Stanley's friend Benjamin Jowett put it more concisely: "I never hear a sermon scarcely which does not seem equally divided between truth and falsehood." Preaching, to be sure, has problems as well as temptations; there are a limited number of conclusions which may safely be arrived at in an unlimited number of sermons, and facility in achieving this may correlate negatively with religious depth. By 1860 it was noticed that the really ablest men were no longer proceeding to holy orders; and Frederick Temple, like Jowett an Essayist and Reviewer, was struck by the "extraordinary reticence'" on religious matters of the young men at the universities.
Part of this reticence, this reluctance to express and examine doubts and perplexities in religion, was the frequently inculcated belief that religious doubt was in itself sinful. The duty of avoiding doubt, whatever intellectual operations might be needed to accomplish this, was put with characteristically eloquent crudity by Samuel Wilberforce, later Bishop of Oxford:
Whilst irreverence and doubt are the object of your greatest fear; whilst you would glady retain a childlike and unquestioning reverence by abasing, if need were, your understanding, rather than gain any knowledge at the hazard of your reverence; you are doubtless in God's hands, and therefore safe... Fly, therefore, rather than contend; fly to known truths. [63/64]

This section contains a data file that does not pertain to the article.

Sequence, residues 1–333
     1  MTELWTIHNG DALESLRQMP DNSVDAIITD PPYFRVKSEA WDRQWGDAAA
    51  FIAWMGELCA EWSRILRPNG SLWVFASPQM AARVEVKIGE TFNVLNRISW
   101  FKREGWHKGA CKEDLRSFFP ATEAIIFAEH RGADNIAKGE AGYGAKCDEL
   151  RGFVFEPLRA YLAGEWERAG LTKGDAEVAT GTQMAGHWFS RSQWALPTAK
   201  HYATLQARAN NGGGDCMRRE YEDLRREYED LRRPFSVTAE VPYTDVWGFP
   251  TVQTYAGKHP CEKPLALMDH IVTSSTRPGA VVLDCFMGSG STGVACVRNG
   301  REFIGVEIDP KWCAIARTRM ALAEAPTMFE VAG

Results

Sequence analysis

As his biographer remarked, "In an age that pressed desperately for the answers to all sorts of questions, Wilberforce believed they were better left unasked."
One reason for the non-asking of questions was the belief that doubt was not only sinful but that it rendered the doubter miserable in this life as well, the absence of faith producing emptiness and unhappiness. Men of much faith projected what they would feel if deprived of their faith; and no factual evidence of serene agnostics and happy atheists could shake their conviction that doubt was a state of misery. Even the usually sensible Newman could exclaim, "Consider the miseries of wives and mothers losing their faith in Scripture." It became a duty to prevent this, to suppress one's own doubts and discourage the doubts of others. But could the rising generation, self-consciously devoted to truth but increasingly aware of disturbing facts, be expected indefinitely to contain their doubts and profess an assurance which was decreasingly real? This was the point of tension, the poison in the theological atmosphere which had to come out.